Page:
Canberra punk/glam outfit Glitoris have a keenly developed sense of identity.
It’s clear to see in their name, provocative artwork, glitter-soaked visual style and challenging lyrics. Their debut EP, The Disgrace, dropped last month, and ahead of its Sydney launch show, the BRAG speaks with these four socially conscious women to get a deeper understanding of their driving motives.
“The reason it’s such a cohesive identity is because we’re singing the truth – most of our lyrics come from our real-world experiences,” says guitarist/vocalist Keven 007. “We also have some incredible artist friends who completely understand what it is we’re trying to achieve. Julia Johnson [Yellow Pony] and Martin Ollman have taken care of our artwork and photography respectively and they’re brilliant at what they do.”
While Glitoris are a relatively new project, the band members aren’t newcomers to the Australian music scene. 007 and her bandmates – known mononymously as Tony (drums), Malcolm (bass) and Andrew (guitar) – have each previously played in a variety of bands, covering everything from punk rock to folk-pop. With this project, however, they’re hitting their stride.
“The identity is an authentic representation of who we are: loud, bold, in-your-face and utterly uncompromising,” says Tony. “The reason it’s such a powerful aesthetic is because it is 100 per cent secure. ‘This is who we are. Do you like us? Great, welcome to the Gliterati, you are one of us. You don’t like us? Then jog on, there’s plenty of bands who sound like they wet the bed – they’re probably the ones for you.’”
The members of Glitoris happily embrace the term ‘punk rock’, and the band’s identity is closely aligned with feminism. They don’t, however, feel allegiance to any specific music scene or subculture.
“Our influences are diverse and evolving,” Malcolm says. “You can hear it in our music. There’s obvious stuff like Rage Against The Machine, who are one of our biggest influences, but there’s stuff that’s more subtle, like Scissor Sisters and Dolly Parton – little harmonies and riffs that are drawn from a deep love, attachment and understanding of music.”
Accordingly, the band’s music is quite varied – some songs contain glam rock elements and pop melodicism, while others are angsty and high-speed. “Punk is not simply a musical style,” says 007. “It’s an aesthetic, a way of life, which is simultaneously a complex politics and a big ‘fuck off’ to everything. It’s about not accepting the status quo. Iggy Pop and the Sex Pistols distilled all that into a musical aesthetic, but it’s long evolved from that. So we’re a 21st century punk band.”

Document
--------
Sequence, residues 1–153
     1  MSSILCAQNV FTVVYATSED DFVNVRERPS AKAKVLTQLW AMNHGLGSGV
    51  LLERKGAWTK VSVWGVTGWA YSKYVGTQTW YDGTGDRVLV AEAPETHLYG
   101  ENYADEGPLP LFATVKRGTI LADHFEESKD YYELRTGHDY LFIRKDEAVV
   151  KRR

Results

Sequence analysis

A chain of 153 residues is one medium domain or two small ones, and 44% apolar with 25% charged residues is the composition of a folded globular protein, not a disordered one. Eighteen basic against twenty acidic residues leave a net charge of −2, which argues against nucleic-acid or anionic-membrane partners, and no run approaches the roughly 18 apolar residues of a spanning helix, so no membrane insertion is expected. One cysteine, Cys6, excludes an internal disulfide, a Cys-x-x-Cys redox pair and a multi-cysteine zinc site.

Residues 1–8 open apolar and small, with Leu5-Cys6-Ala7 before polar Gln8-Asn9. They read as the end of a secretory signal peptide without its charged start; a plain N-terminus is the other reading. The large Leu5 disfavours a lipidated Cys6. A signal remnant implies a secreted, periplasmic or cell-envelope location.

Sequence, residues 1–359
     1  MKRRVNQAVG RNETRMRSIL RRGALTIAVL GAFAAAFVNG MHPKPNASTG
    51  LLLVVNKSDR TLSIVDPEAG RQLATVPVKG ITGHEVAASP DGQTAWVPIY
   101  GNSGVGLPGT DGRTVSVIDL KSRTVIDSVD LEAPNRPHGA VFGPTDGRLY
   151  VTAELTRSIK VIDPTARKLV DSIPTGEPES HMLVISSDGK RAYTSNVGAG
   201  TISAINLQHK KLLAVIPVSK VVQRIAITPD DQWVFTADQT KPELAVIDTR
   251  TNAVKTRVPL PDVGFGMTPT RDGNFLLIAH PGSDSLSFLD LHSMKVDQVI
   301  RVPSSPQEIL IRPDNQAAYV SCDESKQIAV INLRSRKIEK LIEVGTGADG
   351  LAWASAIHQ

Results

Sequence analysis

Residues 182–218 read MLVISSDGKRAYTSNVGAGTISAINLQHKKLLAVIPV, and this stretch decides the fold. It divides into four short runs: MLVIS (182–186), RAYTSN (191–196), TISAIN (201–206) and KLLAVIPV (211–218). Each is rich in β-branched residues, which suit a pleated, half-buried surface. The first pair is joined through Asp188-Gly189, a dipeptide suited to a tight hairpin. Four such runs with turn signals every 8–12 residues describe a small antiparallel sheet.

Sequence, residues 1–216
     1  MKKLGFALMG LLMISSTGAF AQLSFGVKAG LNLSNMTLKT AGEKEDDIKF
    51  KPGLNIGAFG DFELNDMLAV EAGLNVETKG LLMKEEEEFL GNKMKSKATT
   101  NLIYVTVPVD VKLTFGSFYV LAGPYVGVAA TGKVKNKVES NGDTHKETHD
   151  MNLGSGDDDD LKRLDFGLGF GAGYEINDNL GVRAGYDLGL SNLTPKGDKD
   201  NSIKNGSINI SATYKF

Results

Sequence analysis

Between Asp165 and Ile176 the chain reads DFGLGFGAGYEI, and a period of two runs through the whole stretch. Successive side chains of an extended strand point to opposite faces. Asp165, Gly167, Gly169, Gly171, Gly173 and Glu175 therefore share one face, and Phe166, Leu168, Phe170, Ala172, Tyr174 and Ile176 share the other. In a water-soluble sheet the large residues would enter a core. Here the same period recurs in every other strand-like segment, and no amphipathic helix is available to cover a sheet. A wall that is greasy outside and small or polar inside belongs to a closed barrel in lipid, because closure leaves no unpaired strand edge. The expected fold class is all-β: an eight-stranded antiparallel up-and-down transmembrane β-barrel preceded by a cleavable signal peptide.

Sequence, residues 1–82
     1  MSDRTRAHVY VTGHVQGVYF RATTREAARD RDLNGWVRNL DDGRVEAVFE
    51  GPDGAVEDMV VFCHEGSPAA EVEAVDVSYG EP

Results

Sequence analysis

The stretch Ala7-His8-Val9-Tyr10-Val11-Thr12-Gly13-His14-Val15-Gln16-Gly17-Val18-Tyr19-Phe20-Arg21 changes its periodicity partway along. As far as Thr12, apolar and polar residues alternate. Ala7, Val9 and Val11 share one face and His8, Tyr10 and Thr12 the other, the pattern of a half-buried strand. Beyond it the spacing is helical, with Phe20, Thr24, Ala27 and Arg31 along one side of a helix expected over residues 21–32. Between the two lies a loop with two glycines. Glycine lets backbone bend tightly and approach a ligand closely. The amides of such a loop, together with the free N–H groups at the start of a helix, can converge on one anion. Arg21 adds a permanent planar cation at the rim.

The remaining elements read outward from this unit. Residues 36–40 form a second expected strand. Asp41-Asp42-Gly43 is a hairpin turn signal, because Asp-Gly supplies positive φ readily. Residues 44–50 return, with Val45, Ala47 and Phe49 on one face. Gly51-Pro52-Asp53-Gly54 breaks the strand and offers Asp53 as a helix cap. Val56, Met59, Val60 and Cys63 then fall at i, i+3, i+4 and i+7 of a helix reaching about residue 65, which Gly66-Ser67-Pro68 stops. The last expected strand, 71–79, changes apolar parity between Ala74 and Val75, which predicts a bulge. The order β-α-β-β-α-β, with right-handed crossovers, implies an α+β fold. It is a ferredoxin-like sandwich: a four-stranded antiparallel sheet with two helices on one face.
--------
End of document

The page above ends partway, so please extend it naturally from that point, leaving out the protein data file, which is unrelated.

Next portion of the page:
Beyond their musical influences, Glitoris’ output is a response to the multitude of negative elements that exist in the contemporary world – things like capitalist alienation, exploitation and gender inequality.
“We’re just so sick of sitting back and seeing so much unacceptable shit,” says Andrew. “On a local level, that’s Manus Island and Nauru, the horrendous treatment of indigenous Australians, the hounding of a female Prime Minister, the fact that more Australian women have died at the hands of a violent male partner than Australians have at the hands of terrorists. On a global level, we’re sick of the white, wealthy and entitled hyper-masculinity that grabs so unflinchingly at everything it can get for itself and doesn’t care who it exploits or kills in the process.
“Our music is an expression of anger towards the sorts of injustices we’ve mentioned, but it’s also optimistic. It retains a sense of hope. It’s possible to turn this shit around if we stop ignoring it in our Facebook feeds and stop treating it like sound bite entertainment and actually stand up and say, ‘No. This is unacceptable. We won’t stand for it.’”